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Join us NEXT Saturday, October 26 as we present our first-ever Jack-O-Lantern Tour of Walnut Grove Plantation
Join us for a look at daily life in colonial times by Jack-O-Lantern light! Tour the Moore family home and meet a spinner and colonial gardener, travel along the nature trail and encounter a variety of colonial folks — including a drover, women travelers, and a doctor — along the way, and visit the plantation cemetery. Meet the Regulators, who provided law and order along the wild colonial frontier. Family-friendly! No scary ghost stories and not a haunted trail. Bring a flashlight!
Event Date & Time: Saturday, October 26, 6:00pm-10:00pm
Cost: $8 Adults; $4 Ages 5-17; Free Ages 0-4
Location: Walnut Grove Plantation, 1200 Otts Shoals Road, Roebuck, SC
Tuesday, October 22
The celebration will begin at 6 p.m. with the Hall of Fame Induction Ceremony. This is the 11th year the Advisory Committee of the museum has inducted deserving individuals into the ACM Hall of Fame. Barnard Elliott Bee, Jr. and Claude Richard “Red” Canup are the class of 2013.
At 7 p.m. the museum will launch their World War II Book “A Necessary War: Anderson County Residents Remember World War II.” Written by Kathryn Smith, the book contains the World War II experiences of twenty county residents and includes the stories of veterans as well as civilians who supported the war effort in 1941-45. The book will sell for $20 in the museum store and begins the fundraising for the expansion of the current military exhibit Keep the Home Fires Burning. Kathryn Smith and most of the twenty honorees in the book will be on hand to sign copies.
Following the book launch, the Friends Board of the ACM will sponsor the 30th Birthday Cupcake and Champagne Party.
The Hall of Fame ceremony, reception and the 30th birthday celebration are free and open to the public. Applications are now available for the 2014 Hall of Fame at the ACM or on the ACM Website www.andersoncountymuseum.org.
The Greer Heritage Museum and the Greer Station Association are offering ghost walks in downtown Greer on Tues., Oct. 22 at 5:30 pm and 7:00 pm. The walk begins at the Depot on Trade and Randall St. and ends at the museum. A $5.00 donation to the museum is requested of anyone 8 and up.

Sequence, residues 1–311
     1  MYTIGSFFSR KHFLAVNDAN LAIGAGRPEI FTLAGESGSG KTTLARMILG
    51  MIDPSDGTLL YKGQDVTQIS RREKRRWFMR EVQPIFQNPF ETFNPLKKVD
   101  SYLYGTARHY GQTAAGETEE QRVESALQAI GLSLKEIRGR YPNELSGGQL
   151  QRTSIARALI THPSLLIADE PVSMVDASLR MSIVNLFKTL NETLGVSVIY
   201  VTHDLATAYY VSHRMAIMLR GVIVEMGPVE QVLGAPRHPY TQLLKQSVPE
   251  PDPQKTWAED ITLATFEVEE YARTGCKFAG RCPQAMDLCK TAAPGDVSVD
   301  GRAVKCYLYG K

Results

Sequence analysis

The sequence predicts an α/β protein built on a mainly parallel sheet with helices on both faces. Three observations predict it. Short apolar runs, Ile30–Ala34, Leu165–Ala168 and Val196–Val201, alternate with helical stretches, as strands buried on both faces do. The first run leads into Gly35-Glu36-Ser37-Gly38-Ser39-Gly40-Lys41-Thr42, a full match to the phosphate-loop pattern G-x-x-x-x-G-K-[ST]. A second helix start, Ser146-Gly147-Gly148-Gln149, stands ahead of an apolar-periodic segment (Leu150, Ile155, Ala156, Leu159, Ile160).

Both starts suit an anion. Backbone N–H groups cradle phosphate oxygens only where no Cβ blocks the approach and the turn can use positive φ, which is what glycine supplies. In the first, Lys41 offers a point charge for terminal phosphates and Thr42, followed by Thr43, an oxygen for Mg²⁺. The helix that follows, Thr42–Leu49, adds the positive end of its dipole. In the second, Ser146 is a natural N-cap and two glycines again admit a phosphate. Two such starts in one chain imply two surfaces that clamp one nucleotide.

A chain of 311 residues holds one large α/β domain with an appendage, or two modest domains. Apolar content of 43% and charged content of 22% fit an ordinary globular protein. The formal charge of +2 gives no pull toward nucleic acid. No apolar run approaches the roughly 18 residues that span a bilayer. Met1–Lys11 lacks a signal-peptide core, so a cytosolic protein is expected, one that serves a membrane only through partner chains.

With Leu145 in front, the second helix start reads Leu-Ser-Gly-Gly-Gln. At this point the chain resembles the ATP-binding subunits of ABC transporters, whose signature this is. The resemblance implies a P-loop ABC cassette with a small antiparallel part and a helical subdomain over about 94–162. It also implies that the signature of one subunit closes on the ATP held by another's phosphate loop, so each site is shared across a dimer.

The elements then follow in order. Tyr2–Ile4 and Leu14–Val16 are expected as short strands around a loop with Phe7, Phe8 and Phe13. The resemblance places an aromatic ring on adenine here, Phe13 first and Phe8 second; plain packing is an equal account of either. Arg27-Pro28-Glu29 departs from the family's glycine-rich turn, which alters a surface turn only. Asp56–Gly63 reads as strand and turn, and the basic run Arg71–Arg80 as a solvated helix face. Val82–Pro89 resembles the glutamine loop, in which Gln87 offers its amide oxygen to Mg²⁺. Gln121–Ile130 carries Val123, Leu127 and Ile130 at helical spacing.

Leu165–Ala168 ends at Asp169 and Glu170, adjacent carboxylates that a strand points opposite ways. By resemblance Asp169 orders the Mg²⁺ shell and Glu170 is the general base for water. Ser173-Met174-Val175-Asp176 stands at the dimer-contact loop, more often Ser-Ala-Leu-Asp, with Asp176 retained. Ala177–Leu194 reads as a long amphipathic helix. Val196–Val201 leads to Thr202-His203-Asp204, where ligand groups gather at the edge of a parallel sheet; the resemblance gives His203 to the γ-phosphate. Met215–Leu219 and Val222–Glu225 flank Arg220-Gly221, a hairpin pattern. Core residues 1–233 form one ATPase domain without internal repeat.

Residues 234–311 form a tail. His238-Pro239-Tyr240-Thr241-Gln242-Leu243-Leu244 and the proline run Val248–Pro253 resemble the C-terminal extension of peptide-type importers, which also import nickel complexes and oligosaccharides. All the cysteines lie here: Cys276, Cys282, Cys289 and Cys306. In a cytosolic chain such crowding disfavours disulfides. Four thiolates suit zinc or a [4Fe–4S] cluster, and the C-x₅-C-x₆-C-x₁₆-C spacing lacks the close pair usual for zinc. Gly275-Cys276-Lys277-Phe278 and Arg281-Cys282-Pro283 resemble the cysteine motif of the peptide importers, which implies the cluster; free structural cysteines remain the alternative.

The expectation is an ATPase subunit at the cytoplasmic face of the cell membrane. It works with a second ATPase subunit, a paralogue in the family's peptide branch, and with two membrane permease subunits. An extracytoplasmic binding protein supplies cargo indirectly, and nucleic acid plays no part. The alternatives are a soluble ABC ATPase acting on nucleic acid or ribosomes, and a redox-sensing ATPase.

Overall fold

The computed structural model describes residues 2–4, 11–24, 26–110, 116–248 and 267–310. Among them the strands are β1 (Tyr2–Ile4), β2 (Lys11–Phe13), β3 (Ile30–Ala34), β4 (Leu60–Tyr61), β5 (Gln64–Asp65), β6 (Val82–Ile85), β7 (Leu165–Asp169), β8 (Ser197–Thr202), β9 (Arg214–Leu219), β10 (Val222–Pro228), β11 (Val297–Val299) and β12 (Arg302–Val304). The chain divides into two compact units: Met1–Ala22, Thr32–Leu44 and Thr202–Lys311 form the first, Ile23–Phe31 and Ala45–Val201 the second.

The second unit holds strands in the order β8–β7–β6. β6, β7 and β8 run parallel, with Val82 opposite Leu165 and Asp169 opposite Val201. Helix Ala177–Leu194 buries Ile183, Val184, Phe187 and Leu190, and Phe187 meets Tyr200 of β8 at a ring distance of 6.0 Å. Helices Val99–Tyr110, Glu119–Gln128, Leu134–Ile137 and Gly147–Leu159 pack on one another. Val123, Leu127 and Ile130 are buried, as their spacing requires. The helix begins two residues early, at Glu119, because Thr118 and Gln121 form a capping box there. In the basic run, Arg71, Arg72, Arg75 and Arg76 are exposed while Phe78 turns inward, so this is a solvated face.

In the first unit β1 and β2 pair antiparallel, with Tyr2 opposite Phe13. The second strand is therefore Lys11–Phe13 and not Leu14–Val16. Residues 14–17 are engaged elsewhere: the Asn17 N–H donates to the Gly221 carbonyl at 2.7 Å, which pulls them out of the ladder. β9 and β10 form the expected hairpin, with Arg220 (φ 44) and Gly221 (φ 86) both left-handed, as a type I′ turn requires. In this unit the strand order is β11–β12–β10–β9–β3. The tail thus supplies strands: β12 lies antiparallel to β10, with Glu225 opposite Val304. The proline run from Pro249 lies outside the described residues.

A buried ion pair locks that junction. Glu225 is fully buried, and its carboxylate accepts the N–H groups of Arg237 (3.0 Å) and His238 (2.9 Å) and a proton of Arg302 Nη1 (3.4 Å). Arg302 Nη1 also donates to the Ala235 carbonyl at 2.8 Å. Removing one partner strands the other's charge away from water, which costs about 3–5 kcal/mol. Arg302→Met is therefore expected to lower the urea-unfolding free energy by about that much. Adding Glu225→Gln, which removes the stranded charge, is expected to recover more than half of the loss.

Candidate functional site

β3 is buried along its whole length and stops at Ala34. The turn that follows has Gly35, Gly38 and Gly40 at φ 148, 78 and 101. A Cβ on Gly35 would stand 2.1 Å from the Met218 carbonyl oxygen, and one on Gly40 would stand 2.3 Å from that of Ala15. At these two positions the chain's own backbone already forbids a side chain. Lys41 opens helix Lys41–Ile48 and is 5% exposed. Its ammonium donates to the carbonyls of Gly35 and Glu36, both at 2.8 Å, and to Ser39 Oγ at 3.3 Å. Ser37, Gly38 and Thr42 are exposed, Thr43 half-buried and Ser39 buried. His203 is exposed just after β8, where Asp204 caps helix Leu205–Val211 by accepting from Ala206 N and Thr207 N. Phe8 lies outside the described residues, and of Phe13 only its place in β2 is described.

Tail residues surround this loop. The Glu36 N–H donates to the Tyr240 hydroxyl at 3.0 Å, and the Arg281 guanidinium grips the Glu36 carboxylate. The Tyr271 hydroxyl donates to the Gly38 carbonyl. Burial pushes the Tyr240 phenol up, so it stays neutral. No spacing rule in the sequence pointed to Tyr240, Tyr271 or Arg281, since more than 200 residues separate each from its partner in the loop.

Saturday at The Seay House
October 19, 2013
Join us this Saturday at The Seay House, Spartanburg’s oldest standing home. Located at 106 Darby Road just off Crescent Avenue, this home showcases the dwelling of a local farmstead managed and maintained by three maiden Seay sisters in the late 1800s. Come relax for an hour or two on this historic property! Visit http://www.spartanburghistory.org, email firstname.lastname@example.org, or call 864-596-3501 for more information.
The Seay House is open by appointment year-round and on the 3rd Saturday of the summer months. We are open at no charge to the public, though visitor donations and sponsorships help us maintain the property. The Seay House is one of 3 historic homes maintained by the Spartanburg County Historical Association.
The Seay House is the oldest house still standing in the city limits of Spartanburg. Although a definite construction date for the log portion has not been established, evidence indicates that it was built prior to 1850. Two of the frame additions made to the home in the late 19th century still remain. The oldest portion of the house is a typical Scots-Irish, one room, one-and-a-half story, log house. The logs are hand-hewn, and the foundation is fieldstone. The pipestem chimney, also made of fieldstone, is a style commonly found in Virginia but unusual for upstate South Carolina.
The Seay House is a modest home and reflects the kind of life that the majority of the settlers in Spartanburg County and the Carolina Backcountry lived. Interpretation at the Seay House focuses on the lives of women in the late 19th and early 20th centuries. This was a farmstead, and the three daughters of Kinsman Seay – Ruthy, Patsy, and Sarah – who lived in this house up to the times of their deaths lived a simple farm life. While today this home is largely surrounded by a modern neighborhood, when you step onto the grounds you can begin to imagine what it must have been like to live without electricity or running water, to grow and raise your own food, and to make your own clothing.